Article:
We will upset a jury verdict only if there is "such a complete absence of evidence supporting the verdict that the jury's findings could only have been the result of sheer surmise and conjecture." Stratton v. Department for the Aging, 132 F.3d 869, 878 (2d Cir. 1997) (internal quotation marks and citation omitted). We must view the evidence in the light most favorable to the party in whose favor the verdict was rendered, giving that party the benefit of all reasonable inferences that the jury might have drawn in his favor. See id. And we may not "assess the weight of conflicting evidence, pass on the credibility of the witnesses, or substitute [our] judgment for that of the jury." Id. (internal quotation marks and citation omitted). A party seeking to overturn a verdict based on the sufficiency of the evidence bears a very heavy burden. We believe that Sam's Club has met that burden.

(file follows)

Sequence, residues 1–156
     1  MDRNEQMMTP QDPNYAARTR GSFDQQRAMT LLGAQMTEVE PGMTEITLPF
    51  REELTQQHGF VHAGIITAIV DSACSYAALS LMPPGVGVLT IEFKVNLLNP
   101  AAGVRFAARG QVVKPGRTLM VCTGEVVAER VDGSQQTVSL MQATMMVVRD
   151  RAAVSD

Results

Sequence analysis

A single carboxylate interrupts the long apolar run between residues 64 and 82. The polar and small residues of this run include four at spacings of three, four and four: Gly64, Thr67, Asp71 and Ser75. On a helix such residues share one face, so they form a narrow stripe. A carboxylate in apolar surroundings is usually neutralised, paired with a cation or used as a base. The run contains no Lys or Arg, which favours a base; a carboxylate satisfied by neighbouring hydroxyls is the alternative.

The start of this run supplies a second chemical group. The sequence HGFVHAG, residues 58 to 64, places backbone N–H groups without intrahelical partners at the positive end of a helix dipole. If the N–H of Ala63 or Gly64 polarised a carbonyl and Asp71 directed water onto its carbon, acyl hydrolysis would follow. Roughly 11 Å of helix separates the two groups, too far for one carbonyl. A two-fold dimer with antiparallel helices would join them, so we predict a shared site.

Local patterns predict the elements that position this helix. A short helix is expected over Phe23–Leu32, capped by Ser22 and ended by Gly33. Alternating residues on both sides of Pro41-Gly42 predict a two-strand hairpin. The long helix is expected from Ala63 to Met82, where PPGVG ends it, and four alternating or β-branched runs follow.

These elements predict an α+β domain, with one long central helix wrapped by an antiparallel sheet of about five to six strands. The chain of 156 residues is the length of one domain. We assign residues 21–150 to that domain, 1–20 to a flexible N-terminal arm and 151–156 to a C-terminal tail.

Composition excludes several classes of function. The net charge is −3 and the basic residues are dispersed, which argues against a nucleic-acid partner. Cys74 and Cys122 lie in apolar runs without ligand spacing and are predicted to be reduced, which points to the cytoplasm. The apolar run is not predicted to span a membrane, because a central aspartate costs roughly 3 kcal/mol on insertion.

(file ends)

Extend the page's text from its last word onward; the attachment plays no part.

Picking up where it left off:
In order to establish a prima facie of age discrimination, the plaintiff must show (1) that he was in the protected age group; (2) that he was qualified for the position; (3) that he was discharged; and (4) that the discharge occurred under circumstances giving rise to an inference of discrimination. See, e.g., Woroski v. Nashua Corp., 31 F.3d 105, 108 (2d Cir. 1994). "The burden of establishing a prima facie case is not onerous, and has been frequently described as minimal." Scaria v. Rubin, 117 F.3d 652, 654 (2d Cir. 1997) (per curiam); see St. Mary's Honor Ctr. v. Hicks, 509 U.S. 502, 506 (1993).